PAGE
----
Namibia reached the main draw of the T20 World Cup for the first time by beating Ireland by eight wickets on Friday, becoming the final team to qualify for the Super 12s.
Set a target of 126 to win, Namibia got there with nine balls to spare mainly thanks to 53 not out off 49 balls by captain Gerhard Erasmus, who shared an unbeaten 53-run partnership with David Wiese (28).
Erasmus appeared to be close to tears after Wiese smashed a wide and full delivery through the covers for four to clinch Namibia’s first victory over a test-playing nation.
“We run a pretty tight ship and we are a small cricketing nation,” Erasmus said. “It’s one heck of an achievement and we should be proud of ourselves.”
The Namibians previously beat the Netherlands in Group A of qualifying for the country’s first win at a World Cup and went a step further by taking down an opponent seven places higher than them in the ICC rankings.
They will join Sri Lanka in qualifying from the group. Sri Lanka was to play the already-eliminated Netherlands later Friday.
Ireland, looking to qualify for the main draw of the T20 World Cup for the first time since 2012, won the toss and was 55-0 after six overs at the end of the powerplay.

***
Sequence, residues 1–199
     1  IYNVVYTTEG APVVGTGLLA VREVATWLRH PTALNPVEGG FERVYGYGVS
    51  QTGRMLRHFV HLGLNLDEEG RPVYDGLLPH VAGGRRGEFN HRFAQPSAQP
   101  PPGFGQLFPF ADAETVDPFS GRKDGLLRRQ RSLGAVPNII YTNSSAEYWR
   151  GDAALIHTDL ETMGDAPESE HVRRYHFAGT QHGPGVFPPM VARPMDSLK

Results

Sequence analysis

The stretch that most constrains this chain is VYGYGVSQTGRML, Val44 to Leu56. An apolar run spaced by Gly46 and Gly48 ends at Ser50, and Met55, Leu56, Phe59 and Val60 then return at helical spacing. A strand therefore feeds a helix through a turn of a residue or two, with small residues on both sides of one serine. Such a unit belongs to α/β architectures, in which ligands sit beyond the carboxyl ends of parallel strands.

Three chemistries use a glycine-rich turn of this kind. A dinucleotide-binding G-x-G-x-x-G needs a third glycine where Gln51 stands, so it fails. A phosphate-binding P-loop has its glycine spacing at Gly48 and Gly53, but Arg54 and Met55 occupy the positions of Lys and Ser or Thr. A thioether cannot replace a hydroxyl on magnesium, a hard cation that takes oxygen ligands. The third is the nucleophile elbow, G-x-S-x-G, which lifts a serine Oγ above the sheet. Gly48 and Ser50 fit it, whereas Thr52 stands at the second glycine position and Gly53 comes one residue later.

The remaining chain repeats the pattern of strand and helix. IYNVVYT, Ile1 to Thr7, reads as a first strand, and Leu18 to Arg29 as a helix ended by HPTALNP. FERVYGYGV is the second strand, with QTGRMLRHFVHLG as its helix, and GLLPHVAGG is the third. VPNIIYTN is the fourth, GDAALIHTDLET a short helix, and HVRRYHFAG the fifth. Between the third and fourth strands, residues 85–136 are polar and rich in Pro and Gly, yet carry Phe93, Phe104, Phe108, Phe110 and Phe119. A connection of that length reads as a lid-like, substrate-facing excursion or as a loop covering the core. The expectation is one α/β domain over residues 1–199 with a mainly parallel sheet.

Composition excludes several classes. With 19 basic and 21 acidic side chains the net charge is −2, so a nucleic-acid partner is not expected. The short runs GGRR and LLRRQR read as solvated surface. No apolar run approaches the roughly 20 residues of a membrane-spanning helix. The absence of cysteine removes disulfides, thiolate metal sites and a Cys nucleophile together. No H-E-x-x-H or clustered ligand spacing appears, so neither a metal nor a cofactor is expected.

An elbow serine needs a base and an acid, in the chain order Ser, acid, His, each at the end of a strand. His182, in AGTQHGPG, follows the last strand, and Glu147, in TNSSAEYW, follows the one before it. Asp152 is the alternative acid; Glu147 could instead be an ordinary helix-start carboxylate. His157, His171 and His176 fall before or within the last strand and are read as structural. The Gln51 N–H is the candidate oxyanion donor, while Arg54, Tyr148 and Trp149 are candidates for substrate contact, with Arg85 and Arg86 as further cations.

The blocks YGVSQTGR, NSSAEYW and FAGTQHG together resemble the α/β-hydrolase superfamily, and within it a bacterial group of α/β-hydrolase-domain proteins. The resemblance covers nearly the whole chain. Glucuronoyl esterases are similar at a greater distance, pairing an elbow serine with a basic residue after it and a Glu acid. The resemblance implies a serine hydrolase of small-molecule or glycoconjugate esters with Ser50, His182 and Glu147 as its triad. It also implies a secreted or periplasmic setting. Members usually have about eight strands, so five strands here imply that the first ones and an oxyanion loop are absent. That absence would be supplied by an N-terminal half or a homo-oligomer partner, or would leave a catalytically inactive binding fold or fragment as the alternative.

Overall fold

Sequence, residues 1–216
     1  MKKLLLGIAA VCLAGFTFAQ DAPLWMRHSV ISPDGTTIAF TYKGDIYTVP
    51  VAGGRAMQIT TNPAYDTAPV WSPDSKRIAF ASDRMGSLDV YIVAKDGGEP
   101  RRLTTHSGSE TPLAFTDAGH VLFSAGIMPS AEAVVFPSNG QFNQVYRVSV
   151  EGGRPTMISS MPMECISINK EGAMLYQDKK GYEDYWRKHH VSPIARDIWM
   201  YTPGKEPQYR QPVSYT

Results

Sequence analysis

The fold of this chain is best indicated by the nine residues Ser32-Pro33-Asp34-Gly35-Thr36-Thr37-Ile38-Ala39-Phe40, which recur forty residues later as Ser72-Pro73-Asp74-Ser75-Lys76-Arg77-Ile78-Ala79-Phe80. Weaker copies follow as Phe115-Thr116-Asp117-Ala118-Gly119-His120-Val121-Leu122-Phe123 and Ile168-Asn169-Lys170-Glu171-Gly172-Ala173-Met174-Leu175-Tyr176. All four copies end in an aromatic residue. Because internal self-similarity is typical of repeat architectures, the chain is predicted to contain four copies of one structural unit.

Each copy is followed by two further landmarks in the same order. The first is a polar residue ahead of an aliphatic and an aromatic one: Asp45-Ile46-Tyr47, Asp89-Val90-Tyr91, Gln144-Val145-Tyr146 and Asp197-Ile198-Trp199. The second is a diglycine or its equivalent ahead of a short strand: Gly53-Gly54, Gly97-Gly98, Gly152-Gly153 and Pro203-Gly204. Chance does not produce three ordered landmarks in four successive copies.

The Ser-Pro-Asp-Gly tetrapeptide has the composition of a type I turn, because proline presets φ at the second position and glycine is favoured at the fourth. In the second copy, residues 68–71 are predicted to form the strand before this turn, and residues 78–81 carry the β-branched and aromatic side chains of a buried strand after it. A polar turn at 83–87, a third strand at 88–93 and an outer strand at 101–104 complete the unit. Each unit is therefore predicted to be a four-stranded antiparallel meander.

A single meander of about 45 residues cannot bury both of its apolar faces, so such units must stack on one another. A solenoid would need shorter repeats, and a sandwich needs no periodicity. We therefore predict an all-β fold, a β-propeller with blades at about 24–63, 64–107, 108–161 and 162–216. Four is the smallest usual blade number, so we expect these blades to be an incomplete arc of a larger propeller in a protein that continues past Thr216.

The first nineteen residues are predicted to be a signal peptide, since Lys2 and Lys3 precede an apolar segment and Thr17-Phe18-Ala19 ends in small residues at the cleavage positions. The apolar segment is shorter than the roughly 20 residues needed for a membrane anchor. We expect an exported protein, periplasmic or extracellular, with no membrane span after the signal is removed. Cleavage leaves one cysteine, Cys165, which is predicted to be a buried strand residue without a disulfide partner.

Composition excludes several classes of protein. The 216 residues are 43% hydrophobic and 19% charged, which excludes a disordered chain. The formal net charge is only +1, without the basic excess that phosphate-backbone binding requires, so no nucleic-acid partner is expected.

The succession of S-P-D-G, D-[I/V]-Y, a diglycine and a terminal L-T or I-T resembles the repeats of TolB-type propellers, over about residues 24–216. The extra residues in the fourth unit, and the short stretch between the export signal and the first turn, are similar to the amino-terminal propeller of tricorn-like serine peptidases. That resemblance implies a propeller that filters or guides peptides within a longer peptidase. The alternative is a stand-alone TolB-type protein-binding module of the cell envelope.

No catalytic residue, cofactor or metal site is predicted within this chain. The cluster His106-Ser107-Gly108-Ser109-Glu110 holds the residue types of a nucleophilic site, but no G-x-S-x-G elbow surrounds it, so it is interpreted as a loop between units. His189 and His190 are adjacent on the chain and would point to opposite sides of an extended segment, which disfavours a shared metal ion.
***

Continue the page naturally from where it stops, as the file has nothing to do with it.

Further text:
The team failed to build on its strong start and the runs stopped flowing on a slow pitch after Paul Stirling was out for a 24-ball 38. The Irish finished on 125-8, having been 62-0 after 7.1 overs.
It was close on run rate before two straight pulls for six by Wiese off Craig Young in the 15th over. There was another big six straight down the ground, this time from Erasmus in the 18th over, and the captain held his pose after moving Namibia to the brink of victory.
“We didn’t get enough runs,” Ireland captain Andrew Balbirnie said. “It will be hard to get over it, and it hurts a lot.
“I think Wiese played a brilliant hand when the rate was at 8 (runs an over), and their skipper saw them home.”
Bangladesh and Scotland qualified from Group B to get to the Super 12s, which start Saturday.
Namibia and Scotland are both Associate members of the International Cricket Council.